Normal Anti-Bacterial Action

In most instances, bacteria are destroyed by the cooperative efforts of phagocytic cells, antibody and complement.

A. Neutrophil (Phagocytic Cell) Engages Bacteria (Microbe): The microbe is coated with specific antibody and complement. The phagocytic cell then begins its attack on the microbe by attaching to the antibody and complement molecules.

B. Phagocytosis of the Microbe: After attaching to the microbe, the phagocytic cell begins to ingest the microbe by extending itself around the microbe and engulfing it.

C. Destruction of the Microbe: Once the microbe is ingested, bags of enzymes or chemicals are discharged into the vacuole where they kill the microbe.

The Immune System and Primary Immunodeficiency Diseases

Immune deficiencies are categorized as primary immune deficiencies or secondary immune deficiencies. Primary immune deficiencies are “primary” because the immune system is the primary cause and most are genetic defects that may be inherited. Secondary immune deficiencies are so called because they have been caused by other conditions.

Secondary immune deficiencies are common and can occur as part of another disease or as a consequence of certain medications. The most common secondary immune deficiencies are caused by aging, malnutrition, certain medications and some infections, such as HIV.

The most common medications associated with secondary immune deficiencies are chemotherapy agents and immune suppressive medications, cancer, transplanted organ rejection or autoimmune diseases. Other secondary immune deficiencies include protein losses in the intestines or the kidneys. When proteins are lost, antibodies are also lost, leading to low immune globulins or low antibody levels. These conditions are important to recognize because, if the underlying cause can be corrected, the function of the immune system can be improved and/or restored.

Regardless of the root cause, recognition of the secondary immune deficiency and provision of immunologic support can be helpful. The types of support offered are comparable to what is used for primary immune deficiencies.

The primary immunodeficiency diseases are a group of disorders caused by basic defects in immune function that are intrinsic to, or inherent in, the cells and proteins of the immune system. There are more than 400 primary immunodeficiencies. Some are relatively common, while others are quite rare. Some affect a single cell or protein of the immune system and others may affect two or more components of the immune system.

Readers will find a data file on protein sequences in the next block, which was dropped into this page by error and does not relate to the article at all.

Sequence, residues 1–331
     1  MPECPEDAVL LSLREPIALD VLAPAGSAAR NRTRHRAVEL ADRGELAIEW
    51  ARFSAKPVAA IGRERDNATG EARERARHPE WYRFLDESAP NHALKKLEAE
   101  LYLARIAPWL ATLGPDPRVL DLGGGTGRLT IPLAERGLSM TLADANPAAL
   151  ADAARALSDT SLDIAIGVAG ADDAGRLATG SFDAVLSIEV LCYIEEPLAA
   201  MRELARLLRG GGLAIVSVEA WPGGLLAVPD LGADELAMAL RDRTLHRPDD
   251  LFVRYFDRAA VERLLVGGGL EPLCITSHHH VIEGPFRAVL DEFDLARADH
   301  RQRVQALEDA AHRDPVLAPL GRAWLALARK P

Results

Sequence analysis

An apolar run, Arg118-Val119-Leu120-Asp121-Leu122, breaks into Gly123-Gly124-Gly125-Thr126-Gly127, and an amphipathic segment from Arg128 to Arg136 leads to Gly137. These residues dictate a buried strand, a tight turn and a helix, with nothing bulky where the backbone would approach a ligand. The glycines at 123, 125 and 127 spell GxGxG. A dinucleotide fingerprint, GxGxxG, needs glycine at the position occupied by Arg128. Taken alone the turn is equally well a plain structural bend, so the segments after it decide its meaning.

Although primary immunodeficiency diseases may differ from one another in many ways, they share one important feature. They all result from a defect in one or more of the elements or functions of the normal immune system such as T-cells, B-cells, NK cells, neutrophils, monocytes, antibodies, cytokines or the complement system. Most of them are inherited diseases and may run in families, such as X-Linked Agammaglobulinemia (XLA) or Severe Combined Immune Deficiency (SCID). Other primary immunodeficiencies, such as Common Variable Immune Deficiency (CVID) and Selective IgA Deficiency are not always inherited in a clear-cut or predictable fashion. In these disorders, the cause is unknown, but it is believed that the interaction of genetic and environmental factors may play a role in their causation.

Because the most important function of the immune system is to protect against infection, people with primary immunodeficiency diseases have an increased susceptibility to infection. This may include too many infections, infections that are difficult to cure, unusually severe infections, or infections with unusual organisms. The infections may be located anywhere in the body. Common sites are the sinuses (sinusitis), the bronchi (bronchitis), the lung (pneumonia) or the intestinal tract (infectious diarrhea).

Another function of the immune system is to discriminate between the healthy tissue (“self”) and foreign material (“non-self”). Examples of foreign material can be microorganisms, pollen or even a transplanted kidney from another individual. In some immunodeficiency diseases, the immune system is unable to discriminate between self and non-self. In these cases, in addition to an increased susceptibility to infection, people with primary immunodeficiencies may also have autoimmune diseases in which the immune system attacks their own cells or tissues as if these cells were foreign, or non-self.

There are also a few types of primary immunodeficiencies in which the ability to respond to an infection is largely intact, but the ability to regulate that response is abnormal. Examples of this are autoimmune lymphoproliferative syndrome (ALPS) and IPEX (an X-linked syndrome of immunodeficiency, polyendocrinopathy and enteropathy).

Primary immunodeficiency diseases can occur in individuals of any age. The original descriptions of these diseases were in children. However, as medical experience has grown, many adolescents and adults have been diagnosed with primary immunodeficiency diseases. This is partly due to the fact that some of the disorders, such as CVID and Selective IgA Deficiency, may have their initial clinical presentation in adult life. Effective therapy exists for several of the primary immunodeficiencies, and many people with these disorders can live relatively normal lives.

Primary immunodeficiency diseases were initially felt to be very rare. However, recent research has indicated that as a group they are more common than originally thought. It is estimated that as many as 1 in every 1,200–2,000 people may have some form of primary immunodeficiency.

Related Posts

© 2024 Biotechnology - Theme by WPEnjoy · Powered by WordPress